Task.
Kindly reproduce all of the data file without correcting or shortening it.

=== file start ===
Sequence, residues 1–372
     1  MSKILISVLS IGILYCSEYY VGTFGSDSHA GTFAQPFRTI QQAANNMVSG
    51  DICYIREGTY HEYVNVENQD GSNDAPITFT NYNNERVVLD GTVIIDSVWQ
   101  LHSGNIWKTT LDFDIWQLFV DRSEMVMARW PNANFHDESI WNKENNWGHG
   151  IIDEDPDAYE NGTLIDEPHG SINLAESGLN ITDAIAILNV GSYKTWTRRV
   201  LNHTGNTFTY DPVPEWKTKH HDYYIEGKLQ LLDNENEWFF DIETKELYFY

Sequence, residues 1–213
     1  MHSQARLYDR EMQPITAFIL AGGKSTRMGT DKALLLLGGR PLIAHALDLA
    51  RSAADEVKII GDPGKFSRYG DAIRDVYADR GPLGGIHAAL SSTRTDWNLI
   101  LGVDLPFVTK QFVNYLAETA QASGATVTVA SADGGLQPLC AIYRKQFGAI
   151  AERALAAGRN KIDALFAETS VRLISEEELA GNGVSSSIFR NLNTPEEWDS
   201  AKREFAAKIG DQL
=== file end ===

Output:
Sequence, residues 1–372
     1  MSKILISVLS IGILYCSEYY VGTFGSDSHA GTFAQPFRTI QQAANNMVSG
    51  DICYIREGTY HEYVNVENQD GSNDAPITFT NYNNERVVLD GTVIIDSVWQ
   101  LHSGNIWKTT LDFDIWQLFV DRSEMVMARW PNANFHDESI WNKENNWGHG
   151  IIDEDPDAYE NGTLIDEPHG SINLAESGLN ITDAIAILNV GSYKTWTRRV
   201  LNHTGNTFTY DPVPEWKTKH HDYYIEGKLQ LLDNENEWFF DIETKELYFY

Sequence, residues 1–213
     1  MHSQARLYDR EMQPITAFIL AGGKSTRMGT DKALLLLGGR PLIAHALDLA
    51  RSAADEVKII GDPGKFSRYG DAIRDVYADR GPLGGIHAAL SSTRTDWNLI
   101  LGVDLPFVTK QFVNYLAETA QASGATVTVA SADGGLQPLC AIYRKQFGAI
   151  AERALAAGRN KIDALFAETS VRLISEEELA GNGVSSSIFR NLNTPEEWDS
   201  AKREFAAKIG DQL